Crankypants Writer Attacks

It is one of my true beliefs that the majority of the problems in the world are caused by people thinking, “My experience is the same experience everyone has had. And if they don’t have my experience then they’re doing it wrong.”

A more poetic way to say this is to walk a mile in someone else’s shoes before you make assumptions.

I try to step out of my own experience to see others’. I also, as you know, Bob, like to encourage the new writer who is discouraged. I quit writing for 10 years because I was discouraged, and if I can stop someone else from losing ten years of their writing life then I will damn well try as hard as I can.

[Criminy, i just got depressed. A decade of my writing life is gone because i was discouraged and I quit! Anyway. Buck up little camper! Onward.]

Thusly, I was quite annoyed when I read this article about Philip Roth pooping on a young writer’s (Julian Tepper)┬ádream by suggesting he quit after the sale of his first book. And it wasn’t because the guy was crap, or that he had no potential. Tepper’s first novel is about to come out! No, Roth just said, “It’s an awful field. Just torture. Awful.”

I often compare this job to ditch digging because dangit, you have to get your work done (plug for Magic Spreadsheet goes here) no matter whether the inspiration strikes you or not. But here’s the deal- writing is unlike ditch digging (besides the very obvious way) in that manual labor is hard, and thankless, and rarely what kids dream they will be. Kids dream of being writers. And they write, and yes, throw away, a lot of words in their efforts to be writers. It’s mentally and emotionally hard work. It’s agonizing sometimes. But sheesh, what career isn’t? I can’t think of any job that’s super easy, fun, rewarding, and not tough on you ever.

A writing career is a dream come true for a lot of people. And you’re going to have more people thanking you for how your book affected their lives than you will have people thanking you for making sure the roads don’t flood when it storms. Even if you write wacky superhero satire, you can make a difference in someone’s life.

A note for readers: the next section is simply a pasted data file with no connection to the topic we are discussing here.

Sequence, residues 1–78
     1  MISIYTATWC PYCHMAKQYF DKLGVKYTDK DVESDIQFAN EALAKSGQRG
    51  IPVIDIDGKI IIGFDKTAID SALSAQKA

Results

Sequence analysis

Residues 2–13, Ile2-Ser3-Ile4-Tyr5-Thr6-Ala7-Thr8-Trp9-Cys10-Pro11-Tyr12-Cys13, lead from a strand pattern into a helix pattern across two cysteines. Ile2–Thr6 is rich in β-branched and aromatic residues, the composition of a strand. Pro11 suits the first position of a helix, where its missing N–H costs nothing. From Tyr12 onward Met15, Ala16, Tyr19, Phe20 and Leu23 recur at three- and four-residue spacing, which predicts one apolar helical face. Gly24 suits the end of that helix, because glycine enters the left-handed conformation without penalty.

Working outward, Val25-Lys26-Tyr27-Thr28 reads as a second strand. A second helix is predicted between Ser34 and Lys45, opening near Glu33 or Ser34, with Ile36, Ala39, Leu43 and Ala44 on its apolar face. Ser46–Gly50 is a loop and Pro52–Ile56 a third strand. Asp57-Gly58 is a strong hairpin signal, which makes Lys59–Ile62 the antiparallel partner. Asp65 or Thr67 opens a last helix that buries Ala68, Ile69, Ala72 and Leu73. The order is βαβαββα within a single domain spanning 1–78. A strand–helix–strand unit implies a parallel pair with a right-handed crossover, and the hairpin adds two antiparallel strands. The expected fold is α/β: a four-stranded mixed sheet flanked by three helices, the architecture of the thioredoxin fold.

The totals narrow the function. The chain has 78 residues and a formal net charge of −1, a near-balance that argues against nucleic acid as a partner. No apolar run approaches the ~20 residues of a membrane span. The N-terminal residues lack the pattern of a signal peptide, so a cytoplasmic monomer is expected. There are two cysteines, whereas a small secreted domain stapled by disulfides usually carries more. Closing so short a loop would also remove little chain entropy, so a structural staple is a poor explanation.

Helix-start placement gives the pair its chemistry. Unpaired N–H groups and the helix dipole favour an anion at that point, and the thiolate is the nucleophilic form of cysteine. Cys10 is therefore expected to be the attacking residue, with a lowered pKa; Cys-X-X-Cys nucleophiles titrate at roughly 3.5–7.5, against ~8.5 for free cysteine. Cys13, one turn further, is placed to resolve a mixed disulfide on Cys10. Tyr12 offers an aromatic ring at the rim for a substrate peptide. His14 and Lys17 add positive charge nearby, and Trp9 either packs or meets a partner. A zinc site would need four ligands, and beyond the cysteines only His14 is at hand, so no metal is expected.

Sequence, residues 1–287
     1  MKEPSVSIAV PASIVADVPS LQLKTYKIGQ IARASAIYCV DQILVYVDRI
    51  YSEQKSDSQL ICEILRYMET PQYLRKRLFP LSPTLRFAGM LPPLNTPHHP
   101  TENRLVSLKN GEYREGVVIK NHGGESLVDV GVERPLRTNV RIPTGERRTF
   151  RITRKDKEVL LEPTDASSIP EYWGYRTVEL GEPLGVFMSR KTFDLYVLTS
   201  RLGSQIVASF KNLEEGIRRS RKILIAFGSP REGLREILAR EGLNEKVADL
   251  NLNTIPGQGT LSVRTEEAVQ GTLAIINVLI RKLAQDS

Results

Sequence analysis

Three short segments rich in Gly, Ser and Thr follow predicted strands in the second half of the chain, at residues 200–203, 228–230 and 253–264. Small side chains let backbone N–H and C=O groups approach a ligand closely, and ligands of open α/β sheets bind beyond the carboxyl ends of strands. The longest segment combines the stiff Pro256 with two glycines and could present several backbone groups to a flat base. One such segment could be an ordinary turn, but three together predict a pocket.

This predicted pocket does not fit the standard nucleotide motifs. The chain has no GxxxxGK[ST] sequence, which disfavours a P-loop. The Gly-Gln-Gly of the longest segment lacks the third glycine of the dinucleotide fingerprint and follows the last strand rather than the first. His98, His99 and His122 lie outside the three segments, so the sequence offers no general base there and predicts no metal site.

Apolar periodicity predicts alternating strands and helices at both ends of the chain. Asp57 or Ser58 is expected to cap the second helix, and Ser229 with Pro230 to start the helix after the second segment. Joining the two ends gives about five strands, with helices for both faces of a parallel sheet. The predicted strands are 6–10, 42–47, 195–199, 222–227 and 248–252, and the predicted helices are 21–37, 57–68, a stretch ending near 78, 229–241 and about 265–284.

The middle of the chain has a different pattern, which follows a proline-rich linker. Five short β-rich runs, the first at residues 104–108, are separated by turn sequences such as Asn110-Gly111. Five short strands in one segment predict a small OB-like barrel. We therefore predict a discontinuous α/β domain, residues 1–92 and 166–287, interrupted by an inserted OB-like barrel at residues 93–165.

Roth clearly is not a happy writer (obviously, since he just recently retired from it.) Or he wasn’t the day that Tepper gave him a copy of his book. But Roth never considered that perhaps Tepper’s career isn’t going to mirror his experience exactly. And I’m not even talking about the external fame and money, I’m talking about his internal view of his life and career. Tepper might view writing as something other than “torture.” (I hope Roth is never tortured. Cause my worst day writing isn’t quite torture… Amnesty International has never investigated my office.) Some people love writing. Some see it as work that needs to be done. Some people are self-loathing and trudge to the computer to open a vein and drink scotch and complain about writing later. But there must be some reason they do it…

Anyway, Elizabeth Gilbert wrote a response to Roth here, which is how I heard about this, and wanted to give my two cents.

Chase that dream to be a writer. It’s awesome.

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2 Responses to Crankypants Writer Attacks

  1. Andrew Jack says:

    My experience has been that for all that wrting is hard, it’s still awesome. Not only that but for every year I work at it, it gets more awesome. Yes, new and interesting ways to fall on my face also seem to crop up a lot too, but the over all experience keeps getting better. It’s easy to forget that in the heat of a rejection or a bad review, but (at least for me) there’s always more good stuff to find if I look for it.

    I think a good experience is there if you’re prepared to keep fighting for it.

    Or, as my brother once said: You shouldn’t be afraid to attack life with your face!”

    He has a lot of scars, but he seems happy.

  2. Deb Van Zelfden says:

    Anything worth doing is hard to do. Mur, thanks for doing what you do. I gave up writing for almost 20 years and yes, I’m older than you. My experience was similar and thankfully that person who was so unhappy with everything moved on and so did I. If I had had your advice back then I would have already been published. Not that I’m super-duper, just that I know that hard work eventually produces accomplished goals. Please keep doing what you are doing. I listen and make notes on your podcasts and then scurry home from the “day job” to look everything up and learn even more. Keep up the great work. Thanks again although, thanks just doesn’t seem like enough. :)